SALT LAKE CITY (AP) — The remains found recently in a narrow cave near Moab by a college student are those of a man police believe shot and wounded a Utah state park ranger in 2010, authorities confirmed Wednesday.
The Utah Medical Examiner informed police on Wednesday that they used dental records to positively identify Lance Leeroy Arellano, Grand County Sheriff Steven White said.
The medical examiner has not yet determined Arellano's cause of death, White said. There were no gunshot wounds or other obvious clues to how he died. Arellano evaded more than 100 officers in a desert manhunt after the Nov. 19, 2010, shooting of Ranger Brody Young.
His remains were found on Dec. 24 by Caleb Shumway, a sophomore college student studying business marketing. Shumway will get the $30,000 reward that was part of the 23-year-old's motivation to comb the red rock caves near the Colorado River along with his younger brother, White said.
White called it a huge relief to close a case that lingered for five years despite frequent searches of the remote desert area by police and specially trained dogs. He thinks an animal may have dragged the remains out to a more visible area, enabling Shumway to find what had eluded search teams for so long.
"You can search an area 15 times, and if you don't walk around a rock the right way, you won't find it," White said. "Kudos to him: I'm glad he did."
Shumway, 23, was elated to hear the news. He said he'll give $5,000 to his younger brother to help pay a religious mission and put the rest into savings to as an emergency education fund.
"Today was good: Fresh powder up on the mountain for snowboarding, but this makes my day better," Shumway said. "This is a huge day for everybody. The police can close the case. Brody's family can be certain that Arellano is deceased."
Young, who survived the shooting with injuries to his arm, leg and abdomen, wasn't immediately available for comment. He said in a statement released by the sheriff's office that he's grateful to Shumway and all the police officers and emergency responders who helped him the day of the shooting and had been searching for Arellano's body.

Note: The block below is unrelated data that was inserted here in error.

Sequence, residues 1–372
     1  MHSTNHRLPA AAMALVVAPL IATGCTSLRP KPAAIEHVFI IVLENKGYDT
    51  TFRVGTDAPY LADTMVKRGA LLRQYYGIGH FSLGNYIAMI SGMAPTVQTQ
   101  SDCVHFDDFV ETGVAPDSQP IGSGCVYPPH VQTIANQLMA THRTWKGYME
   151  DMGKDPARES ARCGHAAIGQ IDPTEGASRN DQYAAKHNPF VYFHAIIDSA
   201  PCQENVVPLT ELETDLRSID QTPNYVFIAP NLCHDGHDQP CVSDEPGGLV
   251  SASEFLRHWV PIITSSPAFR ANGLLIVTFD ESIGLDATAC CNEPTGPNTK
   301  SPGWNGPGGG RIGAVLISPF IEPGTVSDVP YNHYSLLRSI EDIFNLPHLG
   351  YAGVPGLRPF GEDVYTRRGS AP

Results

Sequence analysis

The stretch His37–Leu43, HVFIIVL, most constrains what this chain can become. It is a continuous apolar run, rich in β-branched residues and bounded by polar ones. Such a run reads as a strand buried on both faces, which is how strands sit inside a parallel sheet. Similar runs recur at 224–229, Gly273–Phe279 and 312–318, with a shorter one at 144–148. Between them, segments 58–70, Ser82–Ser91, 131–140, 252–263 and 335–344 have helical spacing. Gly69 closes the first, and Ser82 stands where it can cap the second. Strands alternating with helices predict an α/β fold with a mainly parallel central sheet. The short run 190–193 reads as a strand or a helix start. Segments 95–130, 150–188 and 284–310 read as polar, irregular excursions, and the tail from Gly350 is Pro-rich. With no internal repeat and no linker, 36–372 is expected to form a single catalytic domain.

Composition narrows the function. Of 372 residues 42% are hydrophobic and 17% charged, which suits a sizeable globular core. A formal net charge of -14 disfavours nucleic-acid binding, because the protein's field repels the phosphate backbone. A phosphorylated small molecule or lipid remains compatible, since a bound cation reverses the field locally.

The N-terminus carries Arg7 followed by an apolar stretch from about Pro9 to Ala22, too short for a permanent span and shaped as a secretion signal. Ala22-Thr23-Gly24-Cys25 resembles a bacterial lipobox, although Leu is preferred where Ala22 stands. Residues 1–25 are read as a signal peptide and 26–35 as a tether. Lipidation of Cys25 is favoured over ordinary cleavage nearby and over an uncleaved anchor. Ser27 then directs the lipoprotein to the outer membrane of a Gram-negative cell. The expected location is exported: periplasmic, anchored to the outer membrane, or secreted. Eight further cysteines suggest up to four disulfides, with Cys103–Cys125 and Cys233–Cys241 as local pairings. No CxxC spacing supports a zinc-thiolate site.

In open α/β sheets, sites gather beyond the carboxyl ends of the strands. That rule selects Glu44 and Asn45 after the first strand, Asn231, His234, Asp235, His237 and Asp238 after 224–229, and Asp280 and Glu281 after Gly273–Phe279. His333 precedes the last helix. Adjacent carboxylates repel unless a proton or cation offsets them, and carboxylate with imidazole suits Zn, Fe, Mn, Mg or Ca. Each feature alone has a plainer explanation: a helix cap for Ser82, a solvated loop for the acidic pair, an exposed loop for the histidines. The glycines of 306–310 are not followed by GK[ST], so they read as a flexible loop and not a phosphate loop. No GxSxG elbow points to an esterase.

Young said his thoughts are also with Arellano's family, especially his mother and daughter. He said his faith has helped him forgive Arellano.
"Five years of uncertainty is a long time," Young said. "We hope this brings closure and allows them to move forward."
Young still works for Utah State Parks as a ranger in the boating program.
Young was shot in 2010 when he approached Arellano in his car near the Poison Spider Mesa Trailhead, according to authorities. Young told Arellano that he was in a no-camping area, and when he attempted to verify the man's name and birthdate, he was shot several times in the back, authorities said.
Prosecutors had filed first-degree felony attempted murder and other charges against Arellano.
More than 160 law enforcement officers combed a 15-sqaure-mile area near Dead Horse State Park. They recovered a rifle, backpack and tattered bloody T-shirt.
Shumway's father was one of those officers, spurring his son's curiosity about the case. Shumway said he and his brother were two days into their search when they discovered a bone and a bag with a gun near the mouth of a cave.
Shumway took pictures and then took officers back out to the site. They found more skeletal remains, clothing and another backpack with another gun deeper in the cave.
Shumway said the experience will make consider searching for other missing people in the future.
"I definitely think there is something awesome about finding people and bringing closure to the families involved," Shumway said. "Anytime someone goes missing, there's always a mom that worried. In this case, there was a family that didn't know if the shooter was coming after them."
Associated Press writer Michelle L. Price contributed to this report.